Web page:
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Kate in Sri Lanka Part 2

by on April 8th, 2015


Beverly and Neil came to Amba four years ago. When Beverly arrived, there were no tea processing facilities or procedures. The estate simply grew the leaves and sold them to nearby factories for processing. For the first nine months, Beverly mainly lived alone, sometimes with the Amba partners, in Amba’s turn-of-the-century bungalow and made tea by hand….her own hand, and nothing else. In the bungalow’s covered courtyard she withered and rolled the leaves, using an old-fashioned wicker-seated bed to dry out the leaves, waking at 3am sometimes to get the wither just right. Eighty hour weeks were her norm, working in the fields learning how to pluck and spending three months just counting and photographing every leaf picked to find out how the ladies worked.

Tea Picker

Tea leaves

Never having worked with tea before, Beverly painstakingly researched and developed processing techniques in minute detail, employing local people to custom-make the small-scale machinery for Amba’s new factory. Luckily Beverly had some help in the early days from an expert in tea: Nigel Melican (who just happens to be the author of many excellent articles on tea, including his excellent writings on caffeine, a summary of which you can find in our blog Tea and Caffeine: Myth and Truth), to put Beverly on the road to good tea-making. Nevertheless, it took Beverly nine months before she had got to grips with the processing and finally made a tea that she thought was any good. Her husband Neil arrived almost one year after she had arrived, to built the factory, and Amba’s artisanal tea-making slowly began to get off the ground.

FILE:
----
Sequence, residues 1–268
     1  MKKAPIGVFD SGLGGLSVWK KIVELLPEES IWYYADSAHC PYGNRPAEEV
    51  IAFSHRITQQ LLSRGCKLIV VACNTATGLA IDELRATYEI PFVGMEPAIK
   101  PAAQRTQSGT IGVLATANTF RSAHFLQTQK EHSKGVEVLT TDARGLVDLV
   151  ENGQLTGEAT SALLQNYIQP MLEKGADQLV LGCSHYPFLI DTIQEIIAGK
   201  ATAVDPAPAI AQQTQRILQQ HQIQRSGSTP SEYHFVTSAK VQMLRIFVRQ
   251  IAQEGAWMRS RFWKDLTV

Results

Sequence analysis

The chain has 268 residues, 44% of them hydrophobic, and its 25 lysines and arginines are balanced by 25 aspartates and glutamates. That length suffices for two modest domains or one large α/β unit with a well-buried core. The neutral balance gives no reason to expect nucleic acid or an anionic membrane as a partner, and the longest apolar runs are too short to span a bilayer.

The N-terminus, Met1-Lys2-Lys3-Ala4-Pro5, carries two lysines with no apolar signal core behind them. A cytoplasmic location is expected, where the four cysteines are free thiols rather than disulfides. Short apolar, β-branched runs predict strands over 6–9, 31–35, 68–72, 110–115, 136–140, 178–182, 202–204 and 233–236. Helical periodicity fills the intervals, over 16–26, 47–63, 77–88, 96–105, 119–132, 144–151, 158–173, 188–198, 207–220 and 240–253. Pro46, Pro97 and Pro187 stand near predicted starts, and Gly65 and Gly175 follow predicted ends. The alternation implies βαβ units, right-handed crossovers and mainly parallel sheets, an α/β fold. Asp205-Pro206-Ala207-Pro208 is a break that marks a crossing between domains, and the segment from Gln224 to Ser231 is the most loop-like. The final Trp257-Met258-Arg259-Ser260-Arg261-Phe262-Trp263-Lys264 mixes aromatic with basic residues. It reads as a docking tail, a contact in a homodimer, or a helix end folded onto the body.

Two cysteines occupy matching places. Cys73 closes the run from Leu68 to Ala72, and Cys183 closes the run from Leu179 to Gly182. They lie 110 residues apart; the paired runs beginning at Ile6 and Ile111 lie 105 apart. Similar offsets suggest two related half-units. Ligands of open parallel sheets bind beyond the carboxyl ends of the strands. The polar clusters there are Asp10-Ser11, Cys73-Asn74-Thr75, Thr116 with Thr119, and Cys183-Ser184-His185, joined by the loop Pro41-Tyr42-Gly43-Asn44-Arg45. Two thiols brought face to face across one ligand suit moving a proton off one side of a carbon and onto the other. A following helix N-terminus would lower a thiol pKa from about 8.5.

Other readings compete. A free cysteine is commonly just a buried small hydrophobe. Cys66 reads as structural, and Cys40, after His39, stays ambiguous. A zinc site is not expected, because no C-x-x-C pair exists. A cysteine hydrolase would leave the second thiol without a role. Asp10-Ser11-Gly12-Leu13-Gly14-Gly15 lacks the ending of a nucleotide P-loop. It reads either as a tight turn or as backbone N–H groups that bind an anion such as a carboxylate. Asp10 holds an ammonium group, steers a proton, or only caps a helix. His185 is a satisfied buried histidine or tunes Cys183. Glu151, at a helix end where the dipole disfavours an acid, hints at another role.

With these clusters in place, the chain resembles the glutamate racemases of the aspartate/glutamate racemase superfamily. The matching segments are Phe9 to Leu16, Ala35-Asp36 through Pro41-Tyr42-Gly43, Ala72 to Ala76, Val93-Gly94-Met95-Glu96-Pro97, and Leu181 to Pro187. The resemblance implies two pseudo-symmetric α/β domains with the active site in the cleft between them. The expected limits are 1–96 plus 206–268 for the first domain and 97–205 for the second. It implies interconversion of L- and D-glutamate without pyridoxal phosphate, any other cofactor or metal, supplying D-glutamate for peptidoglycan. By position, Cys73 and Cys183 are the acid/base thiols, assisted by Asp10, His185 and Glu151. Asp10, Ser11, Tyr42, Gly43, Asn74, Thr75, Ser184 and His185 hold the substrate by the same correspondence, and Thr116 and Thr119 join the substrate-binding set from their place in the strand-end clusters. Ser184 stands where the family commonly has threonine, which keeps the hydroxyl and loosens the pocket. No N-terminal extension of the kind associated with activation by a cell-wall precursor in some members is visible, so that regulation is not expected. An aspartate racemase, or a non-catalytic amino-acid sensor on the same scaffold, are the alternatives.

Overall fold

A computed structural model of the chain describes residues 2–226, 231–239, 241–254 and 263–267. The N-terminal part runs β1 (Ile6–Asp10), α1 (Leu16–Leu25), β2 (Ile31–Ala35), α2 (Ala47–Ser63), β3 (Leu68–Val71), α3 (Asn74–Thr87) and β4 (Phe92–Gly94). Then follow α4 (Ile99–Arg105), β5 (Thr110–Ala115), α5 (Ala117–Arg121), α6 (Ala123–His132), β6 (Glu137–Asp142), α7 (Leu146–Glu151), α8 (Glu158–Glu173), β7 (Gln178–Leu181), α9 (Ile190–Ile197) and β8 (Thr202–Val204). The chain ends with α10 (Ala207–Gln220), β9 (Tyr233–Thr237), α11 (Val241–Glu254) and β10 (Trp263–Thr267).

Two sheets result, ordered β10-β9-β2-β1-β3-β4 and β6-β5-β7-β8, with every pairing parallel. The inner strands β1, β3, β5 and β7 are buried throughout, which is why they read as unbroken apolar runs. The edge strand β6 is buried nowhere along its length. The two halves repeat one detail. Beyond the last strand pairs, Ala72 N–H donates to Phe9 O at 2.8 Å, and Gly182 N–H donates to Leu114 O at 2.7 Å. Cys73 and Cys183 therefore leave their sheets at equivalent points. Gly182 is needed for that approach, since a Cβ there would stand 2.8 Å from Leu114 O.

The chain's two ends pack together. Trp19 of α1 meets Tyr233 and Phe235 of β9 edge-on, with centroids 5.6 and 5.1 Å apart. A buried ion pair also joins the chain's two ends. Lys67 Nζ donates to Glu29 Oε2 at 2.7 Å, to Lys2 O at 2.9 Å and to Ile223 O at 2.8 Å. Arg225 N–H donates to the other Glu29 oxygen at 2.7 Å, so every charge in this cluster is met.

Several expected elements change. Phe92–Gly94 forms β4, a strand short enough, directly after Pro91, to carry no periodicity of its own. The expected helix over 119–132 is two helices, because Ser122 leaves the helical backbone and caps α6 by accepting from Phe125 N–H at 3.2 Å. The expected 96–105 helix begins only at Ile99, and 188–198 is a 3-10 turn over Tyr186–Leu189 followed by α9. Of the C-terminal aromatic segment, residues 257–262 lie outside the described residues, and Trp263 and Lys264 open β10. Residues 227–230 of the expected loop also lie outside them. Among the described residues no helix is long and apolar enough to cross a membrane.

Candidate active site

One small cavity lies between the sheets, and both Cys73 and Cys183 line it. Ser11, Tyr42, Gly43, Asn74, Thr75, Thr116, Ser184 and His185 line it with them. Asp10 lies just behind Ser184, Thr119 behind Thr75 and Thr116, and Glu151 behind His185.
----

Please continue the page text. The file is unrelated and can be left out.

Tea growing

After mastering the black tea, Beverly continued t develop other styles of tea. The white tea ‘stars’ were particularly difficult. After making one perfect specimen, it took her four months to make another the same – delicately hand-tying just the withered buds with cotton so that they infuse perfectly to give the sweetest notes of melon and honey.

Amba also makes green tea, Sri Lankan chai, coffee (often named the best coffee in Sri Lanka) and honestly the best jam I have ever tasted. I am still trying to figure out how I can get a lifetime supply back to Bristol. Then there is Amba’s famous lemongrass. Again, the singular factor in making this tisane truly unique is Beverly’s tireless devotion to experimentation with picking and processing.  She experimented every which way with the lemongrass stalks – cutting to different sizes (just a few millimeters in size can make the difference between a good and bad tasting drink) and crucially discovering that the stalks must be harvested early in the morning for the best taste. And it is spectacularly good – fresh and aromatic with an aftertaste so naturally sweet it almost tastes like you have been sucking on an old-fashioned sherbert lemon.



Tea fields